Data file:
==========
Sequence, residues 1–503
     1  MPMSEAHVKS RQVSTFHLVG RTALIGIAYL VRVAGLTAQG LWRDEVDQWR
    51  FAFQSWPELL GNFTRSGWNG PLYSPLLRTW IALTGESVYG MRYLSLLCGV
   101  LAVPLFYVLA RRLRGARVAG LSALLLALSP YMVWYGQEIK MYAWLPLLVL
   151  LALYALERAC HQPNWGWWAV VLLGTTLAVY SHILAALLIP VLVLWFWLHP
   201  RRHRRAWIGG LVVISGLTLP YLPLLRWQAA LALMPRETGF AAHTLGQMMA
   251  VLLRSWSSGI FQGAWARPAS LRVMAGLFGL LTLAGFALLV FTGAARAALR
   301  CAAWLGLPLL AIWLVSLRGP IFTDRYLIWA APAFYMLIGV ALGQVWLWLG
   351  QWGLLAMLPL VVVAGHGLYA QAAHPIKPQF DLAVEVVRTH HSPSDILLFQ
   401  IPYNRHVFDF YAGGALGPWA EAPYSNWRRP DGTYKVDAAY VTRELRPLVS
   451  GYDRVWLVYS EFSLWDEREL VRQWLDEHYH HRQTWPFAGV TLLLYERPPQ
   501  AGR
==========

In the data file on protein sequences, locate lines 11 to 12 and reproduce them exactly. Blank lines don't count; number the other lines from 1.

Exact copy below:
   451  GYDRVWLVYS EFSLWDEREL VRQWLDEHYH HRQTWPFAGV TLLLYERPPQ
   501  AGR